What Happened to Hugh Jackman and Margot Robbie’s Animated Musical?

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The fascination with Australia in the 1980s captivated American culture, from music like “Down Under” to the rise of actors like Mel Gibson, sparking an interest in the land down under. However, this infatuation seemed to fade away until an alternate timeline where DreamWorks Animation planned to revive this Aussie fascination with a film titled “Larrkins.”

“Larrkins” was set to chronicle the adventures of a little blue bilby in the Australian Outback, helmed by Chris Miller and acclaimed songwriter Tim Minchin. Boasting a stellar Australian voice cast including Hugh Jackman, Margot Robbie, Ben Mendelsohn, Jacki Weaver, and Rose Byrne, the project promised to rejuvenate the interest in Australia.

The project started with Minchin joining as the songwriter in 2013, marking a rare original musical venture for DreamWorks Animation. However, the studio faced changes, struggling with box office disappointments like “Turbo” and “Mr. Peabody & Sherman.” Despite this, “Larrkins” was slated for a February 2018 release.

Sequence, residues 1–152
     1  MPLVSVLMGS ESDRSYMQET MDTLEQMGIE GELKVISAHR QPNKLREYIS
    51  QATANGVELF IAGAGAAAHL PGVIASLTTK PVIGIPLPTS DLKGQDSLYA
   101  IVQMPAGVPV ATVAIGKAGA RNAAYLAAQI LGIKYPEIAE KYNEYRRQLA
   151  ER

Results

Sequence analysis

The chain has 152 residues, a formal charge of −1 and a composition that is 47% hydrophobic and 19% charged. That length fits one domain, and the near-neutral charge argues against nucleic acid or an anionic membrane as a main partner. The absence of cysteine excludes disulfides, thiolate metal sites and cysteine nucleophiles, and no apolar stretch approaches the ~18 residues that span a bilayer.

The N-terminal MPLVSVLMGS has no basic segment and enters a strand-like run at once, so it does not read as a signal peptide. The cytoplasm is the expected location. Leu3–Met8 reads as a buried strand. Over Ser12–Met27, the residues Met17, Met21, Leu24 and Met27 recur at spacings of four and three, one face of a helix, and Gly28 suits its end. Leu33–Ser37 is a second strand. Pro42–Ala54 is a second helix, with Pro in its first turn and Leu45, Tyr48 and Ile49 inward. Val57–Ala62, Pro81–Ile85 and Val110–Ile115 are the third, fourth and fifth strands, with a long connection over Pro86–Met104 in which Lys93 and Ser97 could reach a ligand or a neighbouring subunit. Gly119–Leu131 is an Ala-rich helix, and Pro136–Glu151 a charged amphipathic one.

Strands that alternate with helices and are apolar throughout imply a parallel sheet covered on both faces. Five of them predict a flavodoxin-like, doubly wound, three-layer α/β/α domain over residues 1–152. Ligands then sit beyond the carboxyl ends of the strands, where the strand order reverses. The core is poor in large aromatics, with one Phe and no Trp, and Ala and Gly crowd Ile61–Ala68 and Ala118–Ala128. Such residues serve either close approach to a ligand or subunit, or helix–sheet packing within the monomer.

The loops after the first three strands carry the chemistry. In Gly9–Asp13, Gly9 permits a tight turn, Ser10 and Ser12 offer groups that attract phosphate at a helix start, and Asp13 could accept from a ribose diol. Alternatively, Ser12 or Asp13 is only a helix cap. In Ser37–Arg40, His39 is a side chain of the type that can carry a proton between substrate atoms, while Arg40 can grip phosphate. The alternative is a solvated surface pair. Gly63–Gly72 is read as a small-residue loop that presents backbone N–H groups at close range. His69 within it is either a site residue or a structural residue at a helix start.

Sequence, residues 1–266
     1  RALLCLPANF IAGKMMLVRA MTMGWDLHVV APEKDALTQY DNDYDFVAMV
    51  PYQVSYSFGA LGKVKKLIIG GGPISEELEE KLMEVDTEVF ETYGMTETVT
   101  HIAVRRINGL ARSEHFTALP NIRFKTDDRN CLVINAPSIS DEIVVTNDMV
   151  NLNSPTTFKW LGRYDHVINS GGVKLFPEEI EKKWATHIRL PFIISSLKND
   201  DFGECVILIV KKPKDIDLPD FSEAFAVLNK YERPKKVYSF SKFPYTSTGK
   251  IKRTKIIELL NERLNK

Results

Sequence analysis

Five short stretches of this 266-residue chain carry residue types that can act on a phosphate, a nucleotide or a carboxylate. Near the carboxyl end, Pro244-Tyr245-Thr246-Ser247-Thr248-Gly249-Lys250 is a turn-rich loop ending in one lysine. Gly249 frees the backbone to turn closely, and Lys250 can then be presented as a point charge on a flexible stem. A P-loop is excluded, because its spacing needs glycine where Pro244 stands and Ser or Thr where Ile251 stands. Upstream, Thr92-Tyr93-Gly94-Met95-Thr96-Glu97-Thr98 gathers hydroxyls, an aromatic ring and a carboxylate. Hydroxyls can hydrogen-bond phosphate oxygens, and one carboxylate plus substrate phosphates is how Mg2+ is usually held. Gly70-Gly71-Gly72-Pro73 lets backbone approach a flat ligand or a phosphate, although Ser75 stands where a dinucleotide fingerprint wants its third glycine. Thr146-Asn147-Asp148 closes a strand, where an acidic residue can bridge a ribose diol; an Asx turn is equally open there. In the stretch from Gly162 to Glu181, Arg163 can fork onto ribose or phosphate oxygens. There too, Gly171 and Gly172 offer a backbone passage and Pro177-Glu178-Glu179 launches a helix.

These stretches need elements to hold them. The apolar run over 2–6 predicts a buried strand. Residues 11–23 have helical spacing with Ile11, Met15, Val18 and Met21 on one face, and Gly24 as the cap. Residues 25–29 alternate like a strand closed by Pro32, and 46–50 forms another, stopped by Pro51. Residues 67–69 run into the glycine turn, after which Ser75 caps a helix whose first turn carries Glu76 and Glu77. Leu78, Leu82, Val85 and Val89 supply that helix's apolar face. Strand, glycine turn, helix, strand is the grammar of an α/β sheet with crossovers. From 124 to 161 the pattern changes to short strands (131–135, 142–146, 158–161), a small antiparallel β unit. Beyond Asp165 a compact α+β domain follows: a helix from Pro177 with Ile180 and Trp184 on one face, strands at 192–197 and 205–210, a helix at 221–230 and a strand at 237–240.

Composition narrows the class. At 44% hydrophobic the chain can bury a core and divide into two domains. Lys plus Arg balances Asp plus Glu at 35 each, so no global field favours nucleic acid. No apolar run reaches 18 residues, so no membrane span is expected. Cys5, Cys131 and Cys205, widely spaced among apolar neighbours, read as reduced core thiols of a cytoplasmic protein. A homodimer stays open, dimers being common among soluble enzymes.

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Following DreamWorks’ acquisition by Comcast in 2016, the studio’s priorities shifted towards franchise-driven content, neglecting original productions like “Larrkins.” New management typically favors their own projects, leading to the shelving of existing ones. This fate also befell “Larrkins,” declared a tax write-off a year before its planned release, preventing other studios from picking it up.

Director Tim Minchin expressed profound disappointment over the project’s demise. Despite being 75% complete, Universal’s decision to write it off and discourage other companies from reviving it dashed any hopes of salvaging the film. However, Minchin’s involvement in subsequent projects like “Back to the Outback” and the short film “Bilby” allowed some aspects of “Larrkins” to reach the public.

“Bilby,” created by directors who previously worked on “Larrkins,” showcased certain assets and characters from the scrapped film, offering a glimpse into its universe. Despite the unfortunate demise of “Larrkins,” its remnants live on in the form of related projects, providing a bittersweet reminder of what could have been.